NEW YORK -- For years, the Mets have shied away from international bidding wars, wary of spending too much of their restrictive budget on unknown quantities. But Shohei Ohtani presents a different situation. The Mets are at least intrigued by the possibility of acquiring the Japanese superstar this winter, despite
NEW YORK -- For years, the Mets have shied away from international bidding wars, wary of spending too much of their restrictive budget on unknown quantities. But Shohei Ohtani presents a different situation. The Mets are at least intrigued by the possibility of acquiring the Japanese superstar this winter, despite acknowledging the unlikelihood that they actually will be able to.
"I don't think there's a downside in looking into it," general manager Sandy Alderson said Wednesday at the General Managers Meetings in Orlando, Fla. "I think the only downside is creating a false set of expectations on the part of fans that have to be tempered. This guy could go to any one of 30 teams. At this stage, almost everybody has to be somewhat interested. There's a lot to be learned about the process, as well as what his intentions are."
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Ohtani, 23, is an electrifying two-way player who has expressed his desire both to pitch -- his fastball has been clocked in the triple digits -- and hit in the Major Leagues.
In the past, Ohtani's entrance to the Majors would have sparked a nine-figure bidding war, a la Daisuke Matsuzaka and Masahiro Tanaka. But MLB is in the process of changing its rules regarding the Japanese posting system, which now limits initial contracts to what teams have available in their international bonus pools. As such, Ohtani can make a base salary of only $3.5 million next season -- and he is only likely to make that much if the Rangers, who lead all teams in available bonus pool money, sign him. In addition, the maximum posting fee is $20 million, paid to Ohtani's Japanese club.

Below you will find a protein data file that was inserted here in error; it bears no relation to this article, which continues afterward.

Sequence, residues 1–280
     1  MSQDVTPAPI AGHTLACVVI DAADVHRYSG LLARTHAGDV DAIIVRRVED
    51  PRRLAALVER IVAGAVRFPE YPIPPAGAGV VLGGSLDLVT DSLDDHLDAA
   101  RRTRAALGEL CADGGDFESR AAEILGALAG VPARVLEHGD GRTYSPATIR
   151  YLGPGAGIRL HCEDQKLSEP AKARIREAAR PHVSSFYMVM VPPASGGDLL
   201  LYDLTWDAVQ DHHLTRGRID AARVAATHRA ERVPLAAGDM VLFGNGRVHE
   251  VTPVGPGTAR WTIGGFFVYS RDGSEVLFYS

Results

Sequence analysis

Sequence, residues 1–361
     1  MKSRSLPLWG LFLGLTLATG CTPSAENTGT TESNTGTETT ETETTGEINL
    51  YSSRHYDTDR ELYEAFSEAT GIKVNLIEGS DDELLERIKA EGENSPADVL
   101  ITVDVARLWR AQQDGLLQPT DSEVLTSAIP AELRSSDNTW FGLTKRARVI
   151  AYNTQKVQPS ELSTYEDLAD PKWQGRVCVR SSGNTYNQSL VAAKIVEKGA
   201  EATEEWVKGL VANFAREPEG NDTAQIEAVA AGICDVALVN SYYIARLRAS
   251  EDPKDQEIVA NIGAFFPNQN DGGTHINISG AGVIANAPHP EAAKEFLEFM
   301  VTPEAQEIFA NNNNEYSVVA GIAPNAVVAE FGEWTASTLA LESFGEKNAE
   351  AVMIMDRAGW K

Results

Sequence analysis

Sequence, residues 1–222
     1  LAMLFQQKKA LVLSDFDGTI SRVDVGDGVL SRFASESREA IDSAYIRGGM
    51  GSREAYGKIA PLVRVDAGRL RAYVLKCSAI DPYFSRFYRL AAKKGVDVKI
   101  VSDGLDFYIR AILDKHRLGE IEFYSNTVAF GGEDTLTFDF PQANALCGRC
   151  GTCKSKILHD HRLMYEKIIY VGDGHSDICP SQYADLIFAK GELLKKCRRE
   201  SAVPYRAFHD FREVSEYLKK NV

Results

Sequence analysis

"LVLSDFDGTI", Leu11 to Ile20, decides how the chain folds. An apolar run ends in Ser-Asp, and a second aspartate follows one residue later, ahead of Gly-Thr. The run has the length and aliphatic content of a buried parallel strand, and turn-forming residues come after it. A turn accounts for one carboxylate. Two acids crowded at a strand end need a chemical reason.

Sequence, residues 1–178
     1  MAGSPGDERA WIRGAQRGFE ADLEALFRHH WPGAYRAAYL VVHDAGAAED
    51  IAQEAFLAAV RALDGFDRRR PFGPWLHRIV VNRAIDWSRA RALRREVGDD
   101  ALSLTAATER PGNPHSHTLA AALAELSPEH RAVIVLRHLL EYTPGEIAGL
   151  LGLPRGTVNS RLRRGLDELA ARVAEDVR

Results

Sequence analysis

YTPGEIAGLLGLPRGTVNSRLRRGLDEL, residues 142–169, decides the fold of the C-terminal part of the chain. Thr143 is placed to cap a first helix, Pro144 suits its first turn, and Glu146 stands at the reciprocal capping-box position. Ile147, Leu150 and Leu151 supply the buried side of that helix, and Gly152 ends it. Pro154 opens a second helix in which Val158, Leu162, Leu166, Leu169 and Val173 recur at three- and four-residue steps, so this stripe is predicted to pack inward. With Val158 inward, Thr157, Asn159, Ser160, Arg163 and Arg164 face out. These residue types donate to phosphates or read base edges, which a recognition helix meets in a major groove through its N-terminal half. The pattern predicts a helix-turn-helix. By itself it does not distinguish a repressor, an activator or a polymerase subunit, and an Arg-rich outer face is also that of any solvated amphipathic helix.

The Mets are already longshots in that they spent the vast majority of their bonus pool money on a group of Dominican and Venezuelan prospects in July. But if Ohtani is willing to give up potentially hundreds of millions for the chance to come to MLB before he is an unrestricted free agent, thus necessitating the posting system, it stands to reason he would also forgo an extra million or two to play for his first-choice team.
If they want to acquire Ohtani, then, the Mets must base their sales pitch around their location in New York City, their potential as a playoff team the unique endorsement opportunities those factors provide.
Although the Mets have not heavily scouted Ohtani, Alderson said there is enough of a consensus among scouts and experts around baseball to believe he is a potential superstar.
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"I don't know that anybody has ruled themselves out of the Ohtani sweepstakes at this point, so we certainly wouldn't rule ourselves out at this point," Alderson said. "But that's going to be a very complicated proposition for anybody that is interested. I think it's a little early to know exactly what those complications are even, because the basic parameters haven't been set. I think there's still a lot to be learned in his situation, and how it will ultimately unfold. But to sit here today and say, 'No, we're not interested,' I think would be foolish."
Alderson cited the "novelty factor" of Ohtani's two-way abilities, saying many of the same things he did after signing former college football star Tim Tebow to a Minor League contract last year.
"I think it would be fun to watch him make the attempt, and maybe at some point he will decide to do one or the other," Alderson said. "I say it from time to time, this is an entertainment business. The foundation is baseball, but it is entertainment. And to see someone with that kind of talent potentially do what others have not been able to do, that will be an exciting experience for the team involved, as well as the rest of baseball. I think it's going to be fascinating to see what happens."
Anthony DiComo has covered the Mets for MLB.com since 2008. Follow him on Twitter @AnthonyDiComo and Facebook.